The key word here is “voluntarily.”

4 09 2013

Last night, about two hours after I finished my previous post, a question popped into my mind. I tweeted it:

This morning, I thought I’d write this up formally. I want to find professors with Ph.D.s and tenure track jobs in any discipline who actually want to flip there classrooms with other people’s MOOC content. Even someone who’s tenure-track but not tenured would be a fascinating case study.

The reason I have these caveats is because I think this is all about power. To be certain this is entirely voluntary, the MOOC consumer would have to have complete control over their own classroom, then willingly give some of that control up. I think it’s no coincidence that the first superprofessor conscientious objector is a sociologist. You can say a lot of things about sociologists, but everybody should be in agreement that sociologists understand power.

This is not a “gotcha!” question. If these people are out there, I’d like them to come by and explain their rationales. In the same way that you can learn about labor relations from happy Walmart workers (and there certainly are some), I think we can learn something about academia from voluntary self-unbundlers. If the above description applies to you, please share in the comments below.




7 responses

4 09 2013
David Kernohan (@dkernohan)

There’s a parallel to debates around OER use in classrooms, or even the use of textbooks. Why would an academic want to to use the work of someone else to compliment their own teaching? There are many reasons.

The MOOC issue complicates things because you are beholden to someone else’s timetable – it’s not possible to get your class to watch just one week of a MOOC, or weeks out of order because it fits your course structure better. Because, you know, userdata == $$$ and other related LOLs. But setting accessible alternate sources of information as pre-seminar knowledge-acquisition. is as old as the printing press. We just had more self-respect than to call it things like “flipped” in the old days.

4 09 2013
Jonathan Rees


I heard the textbook parallel last night too on Twitter and it doesn’t work. A text is something that teachers can build upon, analyze or interpret. MOOC lectures, like movies, seem like “The Word of God” because the professor is a superprofessor teaching thousands at once and only the most dedicated students will go back and watch them again in order to catch the nuances.

I also think that Coursera’s intention was to break that sociology MOOC into pieces, rather than license the whole thing.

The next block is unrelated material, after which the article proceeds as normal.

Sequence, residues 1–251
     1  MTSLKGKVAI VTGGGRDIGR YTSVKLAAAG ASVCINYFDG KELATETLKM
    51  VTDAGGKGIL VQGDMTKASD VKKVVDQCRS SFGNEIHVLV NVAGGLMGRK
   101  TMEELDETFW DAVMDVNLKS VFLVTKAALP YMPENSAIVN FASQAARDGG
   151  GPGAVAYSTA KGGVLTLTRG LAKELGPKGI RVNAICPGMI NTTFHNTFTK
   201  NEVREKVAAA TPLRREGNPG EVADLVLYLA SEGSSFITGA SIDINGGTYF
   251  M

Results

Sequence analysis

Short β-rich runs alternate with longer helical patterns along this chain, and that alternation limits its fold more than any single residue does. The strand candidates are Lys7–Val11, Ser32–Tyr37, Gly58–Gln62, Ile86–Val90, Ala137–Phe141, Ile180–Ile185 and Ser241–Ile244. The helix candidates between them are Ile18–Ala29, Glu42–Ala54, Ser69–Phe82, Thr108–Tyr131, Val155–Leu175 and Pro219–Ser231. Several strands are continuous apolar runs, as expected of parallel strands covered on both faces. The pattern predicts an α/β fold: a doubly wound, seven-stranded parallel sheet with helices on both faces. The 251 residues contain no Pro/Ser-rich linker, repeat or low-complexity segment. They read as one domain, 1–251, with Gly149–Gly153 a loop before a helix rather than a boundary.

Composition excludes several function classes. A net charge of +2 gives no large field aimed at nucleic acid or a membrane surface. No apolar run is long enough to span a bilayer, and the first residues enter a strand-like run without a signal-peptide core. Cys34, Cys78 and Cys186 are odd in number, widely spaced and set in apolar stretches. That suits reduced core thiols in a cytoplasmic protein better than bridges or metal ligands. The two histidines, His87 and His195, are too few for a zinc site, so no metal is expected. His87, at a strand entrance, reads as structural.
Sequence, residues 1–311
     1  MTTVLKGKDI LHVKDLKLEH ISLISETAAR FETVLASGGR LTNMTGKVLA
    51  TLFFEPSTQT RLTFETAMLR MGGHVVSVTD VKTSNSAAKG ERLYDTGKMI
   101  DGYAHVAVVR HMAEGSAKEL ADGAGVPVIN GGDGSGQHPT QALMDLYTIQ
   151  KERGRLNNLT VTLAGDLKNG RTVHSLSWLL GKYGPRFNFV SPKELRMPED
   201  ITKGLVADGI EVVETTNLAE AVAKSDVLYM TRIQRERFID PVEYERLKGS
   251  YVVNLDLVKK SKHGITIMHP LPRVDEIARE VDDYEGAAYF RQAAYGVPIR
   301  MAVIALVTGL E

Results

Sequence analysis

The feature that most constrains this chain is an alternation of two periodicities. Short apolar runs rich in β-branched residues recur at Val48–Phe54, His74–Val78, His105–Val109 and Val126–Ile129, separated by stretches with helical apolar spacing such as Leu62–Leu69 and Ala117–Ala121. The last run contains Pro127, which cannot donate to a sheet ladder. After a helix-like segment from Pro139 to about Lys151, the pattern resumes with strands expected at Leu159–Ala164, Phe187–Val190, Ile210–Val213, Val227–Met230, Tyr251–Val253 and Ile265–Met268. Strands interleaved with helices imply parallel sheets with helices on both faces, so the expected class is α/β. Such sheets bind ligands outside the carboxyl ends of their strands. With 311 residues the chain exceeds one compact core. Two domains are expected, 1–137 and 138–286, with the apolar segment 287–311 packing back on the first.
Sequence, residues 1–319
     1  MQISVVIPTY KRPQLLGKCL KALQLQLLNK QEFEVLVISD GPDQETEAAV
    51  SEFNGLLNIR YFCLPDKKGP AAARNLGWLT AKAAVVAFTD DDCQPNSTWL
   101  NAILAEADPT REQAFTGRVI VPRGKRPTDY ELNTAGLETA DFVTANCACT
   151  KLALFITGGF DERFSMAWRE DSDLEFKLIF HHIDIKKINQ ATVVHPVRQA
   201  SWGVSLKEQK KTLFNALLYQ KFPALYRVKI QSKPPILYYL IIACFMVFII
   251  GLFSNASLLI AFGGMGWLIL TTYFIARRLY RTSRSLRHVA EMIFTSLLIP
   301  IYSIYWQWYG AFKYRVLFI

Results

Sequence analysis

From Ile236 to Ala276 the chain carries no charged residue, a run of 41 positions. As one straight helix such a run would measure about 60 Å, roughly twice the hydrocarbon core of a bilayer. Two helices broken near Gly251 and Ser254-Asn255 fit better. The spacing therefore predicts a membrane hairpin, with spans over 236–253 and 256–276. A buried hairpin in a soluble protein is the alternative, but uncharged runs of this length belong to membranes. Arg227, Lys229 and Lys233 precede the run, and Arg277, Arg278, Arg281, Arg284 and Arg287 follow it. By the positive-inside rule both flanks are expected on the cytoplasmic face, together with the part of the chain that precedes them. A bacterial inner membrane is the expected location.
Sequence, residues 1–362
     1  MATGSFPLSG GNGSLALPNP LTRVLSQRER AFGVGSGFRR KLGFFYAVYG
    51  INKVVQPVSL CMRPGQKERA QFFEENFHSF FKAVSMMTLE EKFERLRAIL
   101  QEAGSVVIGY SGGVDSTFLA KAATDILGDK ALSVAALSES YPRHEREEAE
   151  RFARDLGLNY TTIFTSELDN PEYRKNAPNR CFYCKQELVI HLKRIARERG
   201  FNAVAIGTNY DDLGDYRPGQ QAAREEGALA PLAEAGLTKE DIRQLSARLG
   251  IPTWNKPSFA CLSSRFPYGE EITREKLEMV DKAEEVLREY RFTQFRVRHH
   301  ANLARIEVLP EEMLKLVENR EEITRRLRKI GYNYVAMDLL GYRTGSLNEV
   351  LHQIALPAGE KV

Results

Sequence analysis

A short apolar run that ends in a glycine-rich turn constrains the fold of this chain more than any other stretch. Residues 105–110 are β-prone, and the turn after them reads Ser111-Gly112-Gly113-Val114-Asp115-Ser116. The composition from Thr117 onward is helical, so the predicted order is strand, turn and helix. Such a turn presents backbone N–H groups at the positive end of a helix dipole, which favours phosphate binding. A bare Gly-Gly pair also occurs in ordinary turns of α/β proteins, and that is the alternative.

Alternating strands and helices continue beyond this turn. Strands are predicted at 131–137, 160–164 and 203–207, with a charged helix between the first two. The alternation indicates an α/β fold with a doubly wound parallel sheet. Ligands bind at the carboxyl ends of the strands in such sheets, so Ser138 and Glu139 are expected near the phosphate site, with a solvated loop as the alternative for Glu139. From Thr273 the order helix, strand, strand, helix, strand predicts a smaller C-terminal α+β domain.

4 09 2013
Jen (@injenuity)

I mentioned text books on Twitter. Teachers and students can build upon, analyze and interpret recorded lectures. Why would anyone interpret them as ‘The Word of God?’ We should be encouraging students to evaluate and question all media. When my faculty question the quality of YouTube or Wikipedia, I suggest they have students take responsibility for evaluating the validity. We’ve seen many examples of professors correcting KA videos. Why not put students in groups to tear apart superprofessor lectures in Myth Buster-style projects? Ask students to prove whether the lectures hold water. We wouldn’t want them to passively listen to our own lectures. Why would we expect that of MOOC lectures?

4 09 2013
Jim Fowler

Bowen makes a similar point on page 56 of Higher Education in the Digital Age: “No one wants to give someone else’s speech”

Maybe faculty want to write their own speeches, but I doubt they want to write their own word processors. I want more reusable components, like textbooks, video editors, exercise generators, etc. So my MOOCs are open source, and others can, and are already, borrowing pieces from them. Code I wrote for the Calculus MOOC was reused by an English writing MOOC and an urban planning MOOC; our content is being used by high schools and in flipped sections of calculus taught at OSU by other instructors.

It is all about power, but open source technology is hugely empowering. We build our Calculus One MOOC on the reusable work of lots of other people, including Khan Academy’s exercise code, Guichard’s open textbook, MathJax and MathQuill to handle output and input of math, and a ton of ruby code. Even the video editing was done using open source tools.

Everything’s available in repositories on GitHub. Calculus One is available at and Calculus Two is available at

4 09 2013

No takers yet on your offer of a platform to explain their rationales for flipping their classrooms?

What a surprise. But the day is young out here in the Mountain and Pacific time zones, no?

14 09 2013

I actually know more than one, but when I broached them with this offer, they did not want to take you up. The reason is simple– you’ve not exactly come across as neutral on this topic (putting it mildly). They can reply to your post on Twitter or here, but the response they anticipate from you is public ridicule along the lines of “What the **** is wrong with you, and why do you hate your students and colleagues?” From their standpoint, “No thank you.”

You may have better success asking Coursera to ask this question… they’re more likely to get multiple affirmative replies.

14 09 2013
Jonathan Rees

Silence due to fear of derision is hardly a ringing endorsement of any particular teaching technique.

PS I never claimed to be neutral.

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